"Cartographic Adjustment" of Spatial Data for SQL Server Reporting Services, Part 4

In the previous posts I indicated that this would be the last post in this series but it turned out that I was a bit optimistic. In order to make the final Report Builder post relevant, some interesting data for analysis was needed.  In this post we describe where to find and how to load State-based population data - our "interesting data".

  1. Locate data source and download (Part 1)
  2. Load the data into SQL Server (Part 1)
  3. Remove unwanted features, simplify Alaska and Hawaii spatial features (Part 2)
  4. "Reposition" Alaska and Hawaii cartographically (Part 3)
  5. Locate and load State-based population data
  6. Use the data in the new SQL Server Report Builder


Our search for population data by State was satisfied at the US Census Bureau Population Estimates site.  There are a number of data files which are available, but I chose Population, Population change and estimated components of population change: April 1, 2000 to July 1, 2008 (NST-EST2008-alldata)

This data is delivered as commas-separated-value (CSV) ASCII.  This data was opened in Excel and saved as Text (Tab delimited).


Now we are going to use FME to do something for which it is not well known - loading data with no spatial component.


In FME-speak, all ASCII data is format "Comma Separated Value (CSV)".  Consequently, we choose CSV as our format - never mind that our data is tab separated values.  Next we locate the data using the "..." menu button.  After both the Format: and the Dataset: text fields are populated, choose the "Settings..." button.


The "Settings..." button brings up a new menu panel which allows us to correctly define our field separator as "tab".  Since our ASCII file contains field names, we want to make sure that this record is not interpreted as data.  In fact, we will use the field names as the columns names in the final database table. The CSV File Preview provides visual verification that we are correctly interpreting the file structure.


The source data now appears on the workbench canvas:



The destination dataset will be our new database table which we will name us_states_population.  Here is the first menu panel that appears when we add a new Destination Dataset:


Our first task is to choose the correct output format.  We have two potential choices for SQL Server.  In this case, since the new database table will not have a spatial column, we want the Microsoft SQL Server Non-spatial (MSSQL_ADO) format:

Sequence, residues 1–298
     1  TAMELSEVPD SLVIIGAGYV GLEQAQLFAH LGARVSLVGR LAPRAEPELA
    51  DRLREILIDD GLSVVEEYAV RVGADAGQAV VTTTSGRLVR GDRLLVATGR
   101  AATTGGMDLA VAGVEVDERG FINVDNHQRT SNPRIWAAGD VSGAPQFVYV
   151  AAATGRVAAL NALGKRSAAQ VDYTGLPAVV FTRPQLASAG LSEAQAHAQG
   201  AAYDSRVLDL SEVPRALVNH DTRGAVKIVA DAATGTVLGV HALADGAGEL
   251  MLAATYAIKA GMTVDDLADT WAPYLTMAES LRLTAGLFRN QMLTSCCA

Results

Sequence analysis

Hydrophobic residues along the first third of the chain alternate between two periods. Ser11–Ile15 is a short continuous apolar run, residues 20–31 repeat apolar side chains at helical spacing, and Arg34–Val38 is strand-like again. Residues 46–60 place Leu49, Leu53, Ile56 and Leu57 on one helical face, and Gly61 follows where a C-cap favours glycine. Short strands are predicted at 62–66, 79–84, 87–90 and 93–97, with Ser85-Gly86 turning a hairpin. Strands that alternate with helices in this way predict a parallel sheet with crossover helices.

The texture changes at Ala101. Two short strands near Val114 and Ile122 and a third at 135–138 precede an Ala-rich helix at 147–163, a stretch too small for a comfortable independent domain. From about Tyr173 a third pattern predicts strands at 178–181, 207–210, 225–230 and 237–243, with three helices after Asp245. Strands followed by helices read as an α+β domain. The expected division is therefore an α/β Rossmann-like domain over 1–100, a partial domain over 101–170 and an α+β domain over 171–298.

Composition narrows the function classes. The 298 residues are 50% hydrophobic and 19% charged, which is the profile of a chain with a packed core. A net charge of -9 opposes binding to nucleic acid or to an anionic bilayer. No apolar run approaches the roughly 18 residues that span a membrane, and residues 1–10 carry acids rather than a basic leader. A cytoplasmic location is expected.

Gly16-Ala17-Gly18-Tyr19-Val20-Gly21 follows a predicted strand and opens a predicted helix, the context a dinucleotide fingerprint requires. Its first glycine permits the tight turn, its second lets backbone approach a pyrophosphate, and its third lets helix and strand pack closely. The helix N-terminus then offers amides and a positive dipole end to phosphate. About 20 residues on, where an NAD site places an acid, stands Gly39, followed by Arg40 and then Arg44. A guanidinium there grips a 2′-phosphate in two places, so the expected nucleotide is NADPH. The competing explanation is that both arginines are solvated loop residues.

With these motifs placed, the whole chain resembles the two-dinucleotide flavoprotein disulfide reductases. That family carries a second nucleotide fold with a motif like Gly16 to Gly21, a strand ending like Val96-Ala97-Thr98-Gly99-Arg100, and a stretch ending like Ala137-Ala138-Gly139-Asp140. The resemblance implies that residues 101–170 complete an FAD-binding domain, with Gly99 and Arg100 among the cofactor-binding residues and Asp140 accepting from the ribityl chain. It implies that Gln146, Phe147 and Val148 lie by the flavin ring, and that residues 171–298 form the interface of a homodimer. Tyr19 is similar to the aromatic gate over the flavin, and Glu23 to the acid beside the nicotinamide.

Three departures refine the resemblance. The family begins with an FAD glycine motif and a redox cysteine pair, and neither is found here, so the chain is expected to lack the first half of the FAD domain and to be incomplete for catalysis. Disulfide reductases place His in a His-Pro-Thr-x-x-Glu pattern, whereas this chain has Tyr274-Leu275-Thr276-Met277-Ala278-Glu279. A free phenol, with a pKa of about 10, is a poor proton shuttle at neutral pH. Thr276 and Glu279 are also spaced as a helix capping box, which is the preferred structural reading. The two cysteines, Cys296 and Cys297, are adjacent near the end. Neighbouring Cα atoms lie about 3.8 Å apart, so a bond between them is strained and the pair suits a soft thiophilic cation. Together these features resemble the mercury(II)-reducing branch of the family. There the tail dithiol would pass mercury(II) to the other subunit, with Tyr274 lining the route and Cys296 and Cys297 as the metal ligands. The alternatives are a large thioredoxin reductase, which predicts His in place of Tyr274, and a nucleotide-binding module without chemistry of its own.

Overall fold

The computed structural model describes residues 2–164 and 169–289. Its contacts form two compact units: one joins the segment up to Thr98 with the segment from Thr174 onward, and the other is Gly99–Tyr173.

Note:  If we chose the Microsoft SQL Server Spatial (MSSQL_SPATIAL) format, the data load would work correctly but would have a spatial column defined in the output table, populated with NULL values. 

Next, we want to select the "Settings..." button.  This allows us to define our server instance, dataset and authentication.  The use of the term "Dataset" is a bit confusing for database users.  What FME is asking for, in this case, is the database name (in our case, temp_spatial):


With the destination defined, hit "OK" to continue...


FME next asks if you would like to add a new feature type to the dataset.  This can be interpreted as "Would you like to add a new table to the database?", so we need to answer Yes:


The Feature Type Properties (a.k.a. Table Properties) panel asks for the Feature Type Name.  We supply the name of the database table to hold the population data: us_states_population


We hit OK at this point and the destination end point appears on the workbench canvas:


Next, we connect the source and the destination and the upper connection triangles turn green, indicating success.  Now, right click on the destination data and choose "Copy Attributes From Feature Type...": image

The Copy Attributes menu panel will now display.  Choose, "Copy Attributes From:"  the only option will be the correction option, in this case:


The workbench canvas now appears as follows.  It is unclear why FME choose to rename the STATE column but it did (to STATE00).  This causes the implicit connections between source and destination columns to be undefined (yellow connection triangle on source and red connection triangle on the destination).


To associate the STATE (source) and STATE00 (destination) columns, drag a line between the two:


The final task is to check the data types and definitions associated with each column.  Here are the original definitions:


The SUMLEV and STATE00 columns are both defined as float.  While we are not interested in the SUMLEV column, the STATE00 column needs to be defined as char 2 for compatibility with the STATEFP column in the us_states table, to which we will join this table later on:



Execute the FME workspace to load the data into a SQL Server table, us_states_population.  The last step is to rename the STATE00 to STATE in Management Studio.

We are now ready to create our first map report in the Report Builder.  This will be described in Part 5.

Comments (2)

  1. review_lmt_forex_formula says:

    Few years back sql-server used to be quite slow with large volume of data, but now the latest versions seem to be handle huge volume quite well.

    Not sure if .Net technology has anything to do with it.

Skip to main content